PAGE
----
You know, one other collaboration that you’ve done that I didn’t know about until just recently, and perhaps many of your fans don’t know about, you referred earlier in the interview to that Hungarian jazz and world band, Djabe. I was just amazed to see that you’ve been playing with them for years. Could you tell us a little bit about that collaboration?
Well, what happens is I usually do about a week of gigs with them each year. Either in Hungary or in Eastern Europe in the main and Hungary functions kind of like a crossroads of Europe where they have wonderful players who come and join them. Sometimes it’ll be an American or British sax player. Someone like John Nugent who runs the Rochester Jazz Festival, or a wonderful tar player from Azerbaijan called Malik Mansurov. So, you have this aspect of world music that mixes with jazz and world fusion, although that term that you used: “infusion”. I think that’s a great term. So I love that, you know, the fact that I’ve got no idea what kind of instruments the guy next to me might be playing and I’ll be trying to fit in there and work out something with that. So I’ve worked with trumpeters, violinists, guys who play strange instruments from Africa, and things that I can’t name but you get influenced by it and it’s a wonderful thing to be there in the world that could be unfamiliar. So to accept change for all that it can bring. I’ve been working with the Sitar player recently, and she’s a wonderful virtuoso on the instrument. So it’s nice to have some real playing because I’ve been doing it all with trying to twin guitar with sitar. We’ve overlaid it with samples so you’ve got the attack of one and the authenticity of the decay and all that kind of stuff. To work with the real thing now…eventually I’ve gotten around to it!
So, on the Night Siren, is that you playing Sitar on there?
No, actually I’m doing a mixture of sitar guitar, Arabian oud, and sample and MIDI, so it’s a complicated process. All of it.
Ah! Well it must be very exciting also to do some of those Genesis classics with Djabe and those different arrangements that they come up with, with the lead line being on violin. It’s quite extraordinary.
Yeah, it is! There’s probably a lot of stuff up there on YouTube now where you’ll hear different versions of those things. I think a group melody, like the Firth of Fifth melody, will often translate from initially piano to piano and flute…I’ve heard it done on trumpet, flugelhorn, violin, or acoustic guitar doing it in a kind of slightly flamencos style with tremolando style. A good melody will translate like that.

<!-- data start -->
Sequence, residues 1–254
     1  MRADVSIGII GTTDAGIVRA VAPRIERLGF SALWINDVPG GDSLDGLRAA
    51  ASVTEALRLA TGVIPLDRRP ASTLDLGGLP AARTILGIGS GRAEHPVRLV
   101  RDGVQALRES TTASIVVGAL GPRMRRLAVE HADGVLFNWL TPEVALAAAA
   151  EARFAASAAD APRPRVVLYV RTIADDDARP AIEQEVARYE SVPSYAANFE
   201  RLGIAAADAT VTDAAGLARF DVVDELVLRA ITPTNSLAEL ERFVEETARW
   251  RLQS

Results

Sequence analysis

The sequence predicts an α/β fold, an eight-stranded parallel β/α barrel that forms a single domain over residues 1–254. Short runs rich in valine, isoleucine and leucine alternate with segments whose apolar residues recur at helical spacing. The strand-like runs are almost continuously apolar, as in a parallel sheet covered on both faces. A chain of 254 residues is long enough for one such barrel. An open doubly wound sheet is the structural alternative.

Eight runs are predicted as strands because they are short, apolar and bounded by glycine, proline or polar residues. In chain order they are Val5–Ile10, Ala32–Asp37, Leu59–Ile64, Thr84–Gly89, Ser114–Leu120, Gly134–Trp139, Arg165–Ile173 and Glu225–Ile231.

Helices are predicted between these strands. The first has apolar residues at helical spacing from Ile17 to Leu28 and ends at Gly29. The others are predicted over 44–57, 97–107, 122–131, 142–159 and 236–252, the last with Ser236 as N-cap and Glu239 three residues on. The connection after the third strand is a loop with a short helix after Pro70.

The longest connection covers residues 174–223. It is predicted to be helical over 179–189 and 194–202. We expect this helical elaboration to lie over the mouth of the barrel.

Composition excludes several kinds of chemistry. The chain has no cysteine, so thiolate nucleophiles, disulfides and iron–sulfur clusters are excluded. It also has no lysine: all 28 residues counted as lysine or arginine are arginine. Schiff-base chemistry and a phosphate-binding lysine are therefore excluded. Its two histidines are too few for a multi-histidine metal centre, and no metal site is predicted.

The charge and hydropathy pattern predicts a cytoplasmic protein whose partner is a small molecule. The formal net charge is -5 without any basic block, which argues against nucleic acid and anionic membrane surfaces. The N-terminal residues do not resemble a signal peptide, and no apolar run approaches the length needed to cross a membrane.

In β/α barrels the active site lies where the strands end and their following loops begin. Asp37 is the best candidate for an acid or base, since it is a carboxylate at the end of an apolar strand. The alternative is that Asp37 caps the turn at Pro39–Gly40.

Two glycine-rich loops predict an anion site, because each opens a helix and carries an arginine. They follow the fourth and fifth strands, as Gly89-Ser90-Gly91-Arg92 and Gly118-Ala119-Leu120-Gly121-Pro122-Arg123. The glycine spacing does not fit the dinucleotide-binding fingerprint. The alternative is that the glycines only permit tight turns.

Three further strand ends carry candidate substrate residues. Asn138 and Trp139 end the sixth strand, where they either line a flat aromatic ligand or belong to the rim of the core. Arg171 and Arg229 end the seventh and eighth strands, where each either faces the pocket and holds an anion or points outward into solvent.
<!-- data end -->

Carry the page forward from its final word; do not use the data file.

Do your travels around the world and inspire you on a spiritual level as well?
Oh yes. Absolutely. Yeah, I’m thinking about that all the time and I think there are pointers all the time that perhaps this isn’t the only world that we’re going to inhabit. I’ve had various psychic experiences and clues. In as much as anyone can study it without adopting a fulltime guru, I would say it’s a fantastic area. It’s almost as if you feel as though you are part of a flow or something and the self-starts to breakdown a bit, you know, less ego and um…or perhaps less personal and more universal and sometimes of course, what is the most personal ends up being most universal. I think you can do heartfelt songs like that and not be afraid to show your feelings and people often like those things the best.
In a way, you are making your vulnerability your strength. You’re showing more of yourself and to hell with it if someone says, oh, that’s too romantic, or what’s that got to do with prog or whatever, you know. You must be yourself. It’s a lifetime, isn’t it? Spent learning that lesson of honesty twinned with energy.
Yeah, the audience really appreciates it when they can feel that sense of humanity and connection. And as you said, vulnerability, too.
Oh, yes! Sure.
When you’re in the middle of one of your solos, whether it’s the end of “Supper’s Ready” or another part, do you connect also on a spiritual level there, or are you really focused on the mechanics of playing?
Well, I try to be at one with the spirit of the music. Playing live, there is an aspect of, of having to stay on top of the mechanics of the thing, but I’m not so inured to the full emotional impact of it. And I also find the more that I play, things that I could think of that are great melodies, the better I’ll get at it usually. The technology is usually more reliable – touch wood – because every time you go up on stage, no one really knows whether everything is gonna work magnificently. Or if you’re gonna break a string or the drummer’s going to suddenly break the snare skin, you know what I mean? Those things happen. Yeah. The sort of break your leg aspect is what everyone is facing when they’re up on stage. But I haven’t broken any limbs, just strings!
Ha! Well, anything more in the coming year that you care to share. I know you’ve got the orchestra tour later this fall and you’re working on the new album now. And anything else that you’d like folks to know about?
I would love to be able to say, yeah, I’ve got this album and it’s a wonderful title and here it is, but I find myself…when it comes to albums, I’m usually grasping at straws with the what the title’s going to be. What is the album all about? How is the personality of it gonna reveal itself even to me – the so called “writer”? But I think it’s a team that builds it, and it’ll be a team that will give the clue at some point.
Well, thanks so much for taking the time to talk with us today. It’s really been a pleasure and I will see you next year on the Cruise to the Edge.
Fantastic! I look forward to seeing you then, Scott. Thank you so much.
All right. Be well Steve. Enjoy!
You, too! All the best. Ciao! Thank you.